With your consent, Mr Speaker, I will make a statement on rail franchising. I apologise to the two Opposition Front-Bench spokespeople for the slightly late delivery of copies of the statement—the speed with which we took this afternoon’s urgent questions caught us all a bit by surprise.
I informed the House on
Since 2015, the franchise has met all its financial commitments to the taxpayer, returning nearly £1 billion to the public purse, but that has come at a substantial cost of nearly £200 million to Stagecoach. I have already informed the House that the franchise will, in due course, run out of money and will not last until 2020, but it has now been confirmed that the situation is much more urgent. It is now clear that the franchise will be able to continue in its current form for only a very small number of months and no more.
Last week, following detailed analysis, my Department issued the franchisee with notification that the franchise has breached a key financial covenant. It is important to make it clear to the House, and indeed to the public, that that will not affect the railway’s day-to-day operations. The business will continue to operate as usual, with no impact on services or staff on the east coast, but it does mean that in the very near future, I need to put in place a successor arrangement for operating the railway and to end the current contract.
Given the imminent financial pressure that the existing franchise is under, I am taking action now to protect passengers who depend on these train services and to ensure continued value for taxpayers’ money. Given the urgency of the situation, I would like to take this opportunity to update the House on my plans.
It is worth remembering that our franchising system, as a whole, has delivered great benefits to passengers. New private investment has totalled £6.4 billion over the past 11 years, passenger journeys on the rail network have more than doubled and the private sector is paying for new trains all around the country. There are those who want that to stop, because of a dogma that the state could run the railway better, but we see the fruits of private investment all around the network.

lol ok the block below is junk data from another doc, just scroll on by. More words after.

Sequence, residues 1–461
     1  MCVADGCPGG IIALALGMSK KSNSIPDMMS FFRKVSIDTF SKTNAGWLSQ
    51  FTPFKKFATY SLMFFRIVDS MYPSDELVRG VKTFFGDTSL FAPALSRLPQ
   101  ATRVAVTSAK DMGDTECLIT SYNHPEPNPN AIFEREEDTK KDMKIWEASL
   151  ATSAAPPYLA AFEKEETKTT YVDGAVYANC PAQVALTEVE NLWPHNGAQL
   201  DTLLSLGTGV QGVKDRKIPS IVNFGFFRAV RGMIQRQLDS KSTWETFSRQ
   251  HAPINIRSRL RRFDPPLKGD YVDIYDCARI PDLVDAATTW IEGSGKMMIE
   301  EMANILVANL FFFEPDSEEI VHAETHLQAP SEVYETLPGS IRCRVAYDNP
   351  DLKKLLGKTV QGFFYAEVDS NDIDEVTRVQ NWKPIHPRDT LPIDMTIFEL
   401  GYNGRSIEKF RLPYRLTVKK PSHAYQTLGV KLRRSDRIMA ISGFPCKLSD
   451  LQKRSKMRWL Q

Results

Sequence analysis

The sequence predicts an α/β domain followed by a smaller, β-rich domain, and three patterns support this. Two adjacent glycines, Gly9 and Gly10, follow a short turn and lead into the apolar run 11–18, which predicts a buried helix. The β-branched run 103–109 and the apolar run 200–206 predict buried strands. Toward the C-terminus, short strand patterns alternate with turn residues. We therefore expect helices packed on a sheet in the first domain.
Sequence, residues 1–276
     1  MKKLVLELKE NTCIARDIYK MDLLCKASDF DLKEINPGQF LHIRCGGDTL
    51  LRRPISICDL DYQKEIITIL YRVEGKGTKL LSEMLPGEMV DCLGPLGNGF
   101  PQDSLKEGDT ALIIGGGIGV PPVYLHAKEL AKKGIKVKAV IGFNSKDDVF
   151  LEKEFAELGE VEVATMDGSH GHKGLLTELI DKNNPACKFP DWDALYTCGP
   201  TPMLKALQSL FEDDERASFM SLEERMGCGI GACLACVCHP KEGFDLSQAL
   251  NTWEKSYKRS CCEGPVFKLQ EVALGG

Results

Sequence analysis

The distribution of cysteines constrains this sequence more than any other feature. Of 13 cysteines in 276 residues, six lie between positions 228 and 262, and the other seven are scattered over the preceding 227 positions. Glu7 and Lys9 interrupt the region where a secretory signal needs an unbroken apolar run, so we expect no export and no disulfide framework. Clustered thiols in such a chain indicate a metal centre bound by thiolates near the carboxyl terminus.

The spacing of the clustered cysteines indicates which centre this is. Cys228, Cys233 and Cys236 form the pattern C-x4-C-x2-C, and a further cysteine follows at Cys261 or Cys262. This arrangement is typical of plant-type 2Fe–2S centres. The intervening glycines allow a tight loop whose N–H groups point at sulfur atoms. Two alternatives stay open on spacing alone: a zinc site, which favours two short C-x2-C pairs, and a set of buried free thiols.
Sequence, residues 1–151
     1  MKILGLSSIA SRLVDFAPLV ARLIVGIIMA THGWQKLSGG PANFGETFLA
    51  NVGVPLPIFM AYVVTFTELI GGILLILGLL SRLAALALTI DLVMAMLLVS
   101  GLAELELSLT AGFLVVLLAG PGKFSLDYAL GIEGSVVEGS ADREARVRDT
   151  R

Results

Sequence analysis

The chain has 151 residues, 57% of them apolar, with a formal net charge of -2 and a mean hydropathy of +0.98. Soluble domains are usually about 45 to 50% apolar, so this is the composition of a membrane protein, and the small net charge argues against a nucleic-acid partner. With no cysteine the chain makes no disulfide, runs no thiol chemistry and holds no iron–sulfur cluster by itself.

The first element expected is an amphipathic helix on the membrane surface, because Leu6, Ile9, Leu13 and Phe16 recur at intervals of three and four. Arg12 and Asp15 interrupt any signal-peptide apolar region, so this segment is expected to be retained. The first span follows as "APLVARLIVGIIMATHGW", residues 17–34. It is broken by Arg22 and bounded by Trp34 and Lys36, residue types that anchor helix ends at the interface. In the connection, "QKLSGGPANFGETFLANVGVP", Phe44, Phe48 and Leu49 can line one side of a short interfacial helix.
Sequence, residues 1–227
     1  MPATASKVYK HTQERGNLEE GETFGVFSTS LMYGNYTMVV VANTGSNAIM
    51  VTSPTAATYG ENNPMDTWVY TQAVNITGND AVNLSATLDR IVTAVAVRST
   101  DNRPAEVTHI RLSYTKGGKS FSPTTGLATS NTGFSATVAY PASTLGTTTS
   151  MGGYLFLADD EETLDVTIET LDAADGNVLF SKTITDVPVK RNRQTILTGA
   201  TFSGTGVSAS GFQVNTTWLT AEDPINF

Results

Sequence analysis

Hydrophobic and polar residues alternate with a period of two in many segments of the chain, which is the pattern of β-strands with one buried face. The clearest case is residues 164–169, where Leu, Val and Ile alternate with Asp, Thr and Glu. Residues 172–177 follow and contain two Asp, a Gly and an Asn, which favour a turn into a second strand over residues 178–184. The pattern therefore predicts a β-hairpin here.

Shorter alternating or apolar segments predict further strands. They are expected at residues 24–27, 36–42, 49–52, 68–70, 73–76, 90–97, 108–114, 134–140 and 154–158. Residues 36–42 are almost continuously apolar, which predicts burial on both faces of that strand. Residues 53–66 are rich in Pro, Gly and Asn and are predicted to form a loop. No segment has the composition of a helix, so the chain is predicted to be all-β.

There has also been much misinformation about the franchise, so it is worth stressing again at the outset that, because payments to the Government have been subsidised by Stagecoach, the taxpayer has continued to profit financially from this franchise. Passenger satisfaction is high, and preparations are well under way to deliver state-of-the-art new trains on this railway.
The problem is very straightforward: Stagecoach got its numbers wrong. It overbid and it is now paying the price. Contrary to widespread speculation and rumour, no deal has been done on this railway, and I have not yet made a decision on the successor operator to run the east coast railway until the longer-term plans for the integration of track and train can begin in 2020. There is no question of anyone receiving a bail-out. Stagecoach will be held to all its contractual obligations in full. But, as the Brown review said five years ago, this is what we expect in a competitive franchise system: private businesses risk substantial amounts of their own capital, and if they fail to live up to their stretching targets, they lose out, not the taxpayer. For anyone who thinks that the nearly £200 million that Stagecoach will lose is insignificant, let me put it into context: the combined profit of every train operator in the country was only £271 million last year, and the loss equates to more than 20% of Stagecoach’s total market value. So this is a significant amount of money by any measure, and it should also act as a stark warning to any company tempted to overbid in future. Moreover, the franchising system has now been adjusted to deter further optimism when bidding.
The priority now is to ensure the continued smooth running of the east coast franchise for its passengers. I have therefore asked my officials to conduct a full appraisal of the options available to the Government to ensure continuity of service until we implement the east coast partnership on the route from 2020. My decision on which option to choose will be made in accordance with the key principles set out in the statement on how I use my rail franchising powers. These include: protecting the interests of passengers; preserving the interests of taxpayers by ensuring value for money; and supporting investment and improvement in the railway, including through the deployment of new inter-city express trains on the east coast line.
In order to inform this decision, the Department will assess the extent to which each option performs against those principles. Our value-for-money assessment will be based on a number of criteria, including which option returns most money to the taxpayer, the risks attached to each, and the value of any improvements in passenger services. I will also have regard to the effect of my decision on other franchises. The decision will be taken in a transparent way; the Department’s assessment of the option will be published and it will be properly validated.